By the early 2020s NATO should have merged these missile defence components provided by the Allies into a coherent defence system to ensure ‘complete’ protection against ballistic missiles for all NATO European countries, their inhabitants and armed forces. The hard kill element of this defence is provided currently by four US Aegis warships, based at Rota in Spain and two ‘Aegis ashore’ sites, with SM-3 SAM, in Poland and Romania. NATO’s European BMD defence architecture has reached development as shown at Fig 1.

Fig 1 – NATO BMD Architecture as of 2017[3]

It is encouraging that Exercise Formidable Shield that took place in October off the west coast of Scotland on the MoD’s Hebrides Ranges (on which £76m[4] has been spent upgrading the range facilities) set out to prove the next step in NATO Europe’s BMD shield. Under the 2012 Chicago agreement this exercise should have been conducted by 2015. Its purpose is “to improve allied interoperability in a live-fire integrated air and missile defence (IAMD) environment, using NATO command and control reporting structures. Canada, France, Germany, Italy, the Netherlands, Spain, the United Kingdom, and the United States participated in this exercise."[5]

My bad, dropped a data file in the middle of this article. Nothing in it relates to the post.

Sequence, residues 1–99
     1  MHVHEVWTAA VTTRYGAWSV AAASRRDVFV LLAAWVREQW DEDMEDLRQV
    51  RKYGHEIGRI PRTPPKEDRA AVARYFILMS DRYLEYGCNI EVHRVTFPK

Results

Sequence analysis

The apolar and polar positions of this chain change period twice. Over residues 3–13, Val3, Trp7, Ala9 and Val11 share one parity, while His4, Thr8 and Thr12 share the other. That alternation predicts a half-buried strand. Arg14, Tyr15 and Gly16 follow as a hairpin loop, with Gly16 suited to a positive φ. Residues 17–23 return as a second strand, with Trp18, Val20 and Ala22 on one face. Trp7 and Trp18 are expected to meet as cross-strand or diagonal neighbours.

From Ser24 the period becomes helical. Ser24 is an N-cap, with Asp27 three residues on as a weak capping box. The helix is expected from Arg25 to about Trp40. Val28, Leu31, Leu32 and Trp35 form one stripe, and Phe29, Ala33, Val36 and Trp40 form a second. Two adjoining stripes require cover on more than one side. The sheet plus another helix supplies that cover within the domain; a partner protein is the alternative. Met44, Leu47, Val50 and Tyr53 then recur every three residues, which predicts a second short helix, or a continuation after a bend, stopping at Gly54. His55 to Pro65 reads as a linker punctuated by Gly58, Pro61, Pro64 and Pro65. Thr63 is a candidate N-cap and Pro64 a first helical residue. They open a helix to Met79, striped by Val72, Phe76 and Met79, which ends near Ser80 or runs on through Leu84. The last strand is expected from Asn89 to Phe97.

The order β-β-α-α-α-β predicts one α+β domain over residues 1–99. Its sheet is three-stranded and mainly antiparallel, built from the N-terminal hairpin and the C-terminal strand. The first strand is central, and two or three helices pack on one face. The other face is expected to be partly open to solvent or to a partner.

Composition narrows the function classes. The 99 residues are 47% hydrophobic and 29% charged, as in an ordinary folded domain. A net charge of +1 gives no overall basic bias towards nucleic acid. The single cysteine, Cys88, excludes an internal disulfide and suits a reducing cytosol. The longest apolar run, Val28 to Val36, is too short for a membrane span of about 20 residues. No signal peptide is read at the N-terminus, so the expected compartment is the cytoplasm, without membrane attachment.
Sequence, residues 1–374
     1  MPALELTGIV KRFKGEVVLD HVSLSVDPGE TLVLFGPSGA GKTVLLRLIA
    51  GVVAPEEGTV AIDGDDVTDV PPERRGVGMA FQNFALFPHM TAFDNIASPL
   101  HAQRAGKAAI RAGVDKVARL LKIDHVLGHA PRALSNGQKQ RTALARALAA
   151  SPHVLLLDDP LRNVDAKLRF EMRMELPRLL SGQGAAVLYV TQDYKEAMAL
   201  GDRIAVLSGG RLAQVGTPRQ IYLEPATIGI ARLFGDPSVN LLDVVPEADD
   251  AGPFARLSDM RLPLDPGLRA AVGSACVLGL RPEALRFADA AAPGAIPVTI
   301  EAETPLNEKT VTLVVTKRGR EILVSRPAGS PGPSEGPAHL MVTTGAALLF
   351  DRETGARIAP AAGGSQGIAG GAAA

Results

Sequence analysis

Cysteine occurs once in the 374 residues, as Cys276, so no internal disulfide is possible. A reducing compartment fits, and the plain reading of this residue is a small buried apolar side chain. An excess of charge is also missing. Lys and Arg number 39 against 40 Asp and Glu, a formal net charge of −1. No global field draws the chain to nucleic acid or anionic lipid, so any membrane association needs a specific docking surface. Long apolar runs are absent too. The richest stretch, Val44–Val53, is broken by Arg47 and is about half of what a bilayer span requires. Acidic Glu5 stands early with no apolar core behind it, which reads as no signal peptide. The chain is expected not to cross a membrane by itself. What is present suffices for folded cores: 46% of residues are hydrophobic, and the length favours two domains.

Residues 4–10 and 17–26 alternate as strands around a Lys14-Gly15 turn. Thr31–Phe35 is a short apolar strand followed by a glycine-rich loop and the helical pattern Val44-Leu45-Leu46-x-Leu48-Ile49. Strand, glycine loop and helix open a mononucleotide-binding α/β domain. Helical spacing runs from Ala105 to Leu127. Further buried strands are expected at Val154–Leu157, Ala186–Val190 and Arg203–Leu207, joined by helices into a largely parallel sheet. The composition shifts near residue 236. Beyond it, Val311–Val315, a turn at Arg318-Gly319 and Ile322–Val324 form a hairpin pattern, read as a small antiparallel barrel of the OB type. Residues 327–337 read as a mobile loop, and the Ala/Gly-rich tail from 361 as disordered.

The exercise conducted ‘successful’ live firings against a short range ballistic target and supersonic and subsonic cruise missiles and it was concluded that the exercise met its objectives. Although all the participating ships are capable of tracking both missile types only those of the USN have, as yet, a ‘hard kill’ weapon system with the SM-3 / 6 missile. It is reported that Air Defence ships of the Dutch, German and Spanish navies are seeking to upgrade their Standard missiles from the SM2 to the BMD capable SM3. Aster 30 (Sea Viper) in the RN’s Type 45 destroyers, with investment, could have a hard kill BMD capability, but no decision on this upgrade has been made, although it is reported that ‘ministers are keen to provide this capability’. It is believed that French and Italian Air Defence ships, also fitted with Aster 30, will be upgraded to a BMD capability.